What if President Obama was your notable alumni?
A hypothetical question – what would your school do if it had a really famous notable alumni like President Obama?
According to Wikipedia, no less than eight education institutions claim President Obama as their alum (St. Francis of Assisi Catholic School, Besuki School, Calvert School, Punahou School, Occidental College, Columbia College, Harvard Law School and he also taught at the University of Chicago Law School).
It is great that each of these institutions is proud to name President Obama as their alum, but beyond bragging rights, does this have any other significance?
In fact, go to virtually any alumni website of any school and they all have a page listing their most famous and notable alumni.
The real question is so what?
Does anyone really care that a school has a famous alum unless it can show a direct and significant causal relationship between the school and the career outcome of that alum?
In the case of President Obama, many are quick to quote Colombia and Harvard Law School when attributing his academic background to particular institutions, but were they his biggest influences? After all it was actually at Occidental College in February 1981, where President Obama made his first public speech. He called for Occidental to participate in the disinvestment from South Africa in response to that nation’s policy of apartheid. As such, one could make an argument that Occidental had the biggest impact on his eventual career outcome!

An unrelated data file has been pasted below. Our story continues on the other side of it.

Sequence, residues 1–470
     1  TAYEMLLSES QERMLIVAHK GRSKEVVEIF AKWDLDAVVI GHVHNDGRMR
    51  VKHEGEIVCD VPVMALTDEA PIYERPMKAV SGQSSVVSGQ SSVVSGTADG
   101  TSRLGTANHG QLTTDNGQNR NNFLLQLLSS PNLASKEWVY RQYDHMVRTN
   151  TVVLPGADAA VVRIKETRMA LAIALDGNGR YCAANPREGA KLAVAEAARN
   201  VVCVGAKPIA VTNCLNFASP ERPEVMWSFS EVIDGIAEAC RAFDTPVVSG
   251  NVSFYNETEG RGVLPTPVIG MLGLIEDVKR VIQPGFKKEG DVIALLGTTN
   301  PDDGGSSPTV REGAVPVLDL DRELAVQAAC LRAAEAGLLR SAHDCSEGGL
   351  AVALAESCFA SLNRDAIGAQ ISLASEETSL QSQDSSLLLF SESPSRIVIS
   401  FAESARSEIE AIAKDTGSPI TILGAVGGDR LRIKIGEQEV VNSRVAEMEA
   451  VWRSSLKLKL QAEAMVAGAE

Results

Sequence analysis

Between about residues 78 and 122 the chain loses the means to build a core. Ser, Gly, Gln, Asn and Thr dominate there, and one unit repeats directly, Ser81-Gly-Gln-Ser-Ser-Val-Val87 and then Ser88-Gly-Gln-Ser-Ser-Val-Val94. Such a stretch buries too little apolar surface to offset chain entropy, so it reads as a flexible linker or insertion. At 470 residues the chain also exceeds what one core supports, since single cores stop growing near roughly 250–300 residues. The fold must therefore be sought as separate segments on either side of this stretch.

To demonstrate my point further, Harvard claims no less than seven US Presidents as alumni (John Adams, John Quincy Adams, Theodore Roosevelt, Franklin Roosevelt, John F. Kennedy, George W. Bush and Barack Obama). Is there something special about the Harvard experience that produces American presidents or is it simply people with the potential to be president happen to go to Harvard?
The cause and effect of the career outcome of the alum is the critical ingredient and is often the one neglected by schools.
So what do schools need to do to leverage their alumni beyond bragging rights?
Firstly, with famous alumni, Alumni Relations and Alumni Career Services departments need to highlight not just their fame but their direct involvement in their career outcome. This can be as simple as interviewing famous alumni and getting them to explain the impact of their time at your institution in achieving their career goals.
Secondly, schools in general need to deprioritize their famous alumni. Famous alumni will always represent a tiny proportion of the student body.
What is more relevant is to focus on the successful career outcomes of ‘regular alumni’.
This is not hard to do. LinkedIn is a fabulous tool in providing data for every school on the career outcomes not just of famous alumni, but more importantly of regular alumni.
It is right that schools want to showcase their alumni. However the success stories that will attract future students are not about how many Presidents you have ‘created’, but how many relevant regular professionals you have produced. Moreover it will critically be about getting those regular alumni to provide testimonials as to the cause and effect of attending your institution on their career outcome.
So let’s imagine not that President Obama was your alum. But rather let’s imagine what you could do with an army of success stories from regular alumni providing inspiration to prospective students and mentoring your graduating students.
This seems to me to be way more powerful than a celebrity alumni headline.
Do you agree that schools fail to adequately explain the cause and effect of the career outcomes of their alumni?
How has your school demonstrated success stories of regular alumni to prospective students? This should be part of your alumni career services offering.
Which would you rather have, a few famous and notable alumni or a mass of success stories from regular alumni?
I would welcome your thoughts.